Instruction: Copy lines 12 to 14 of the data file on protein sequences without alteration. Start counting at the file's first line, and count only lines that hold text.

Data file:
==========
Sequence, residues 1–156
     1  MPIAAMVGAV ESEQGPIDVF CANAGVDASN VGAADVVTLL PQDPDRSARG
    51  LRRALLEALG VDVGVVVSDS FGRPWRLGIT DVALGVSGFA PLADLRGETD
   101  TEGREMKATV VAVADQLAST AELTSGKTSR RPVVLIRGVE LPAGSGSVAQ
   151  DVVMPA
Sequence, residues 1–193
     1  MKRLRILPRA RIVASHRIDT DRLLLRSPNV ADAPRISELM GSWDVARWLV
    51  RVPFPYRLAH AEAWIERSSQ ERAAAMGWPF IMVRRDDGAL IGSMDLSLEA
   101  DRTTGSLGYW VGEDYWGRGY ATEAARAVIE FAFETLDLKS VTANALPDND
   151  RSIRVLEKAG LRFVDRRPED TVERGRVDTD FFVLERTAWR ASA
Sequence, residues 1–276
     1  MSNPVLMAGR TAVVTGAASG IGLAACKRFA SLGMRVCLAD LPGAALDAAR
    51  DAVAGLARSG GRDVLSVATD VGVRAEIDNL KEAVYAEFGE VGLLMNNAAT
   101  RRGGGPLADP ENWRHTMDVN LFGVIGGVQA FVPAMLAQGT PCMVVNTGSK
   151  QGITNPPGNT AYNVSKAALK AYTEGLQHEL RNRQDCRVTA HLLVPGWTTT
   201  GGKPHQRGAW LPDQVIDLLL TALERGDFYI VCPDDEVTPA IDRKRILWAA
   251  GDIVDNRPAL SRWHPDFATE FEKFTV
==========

     1  MSNPVLMAGR TAVVTGAASG IGLAACKRFA SLGMRVCLAD LPGAALDAAR
    51  DAVAGLARSG GRDVLSVATD VGVRAEIDNL KEAVYAEFGE VGLLMNNAAT
   101  RRGGGPLADP ENWRHTMDVN LFGVIGGVQA FVPAMLAQGT PCMVVNTGSK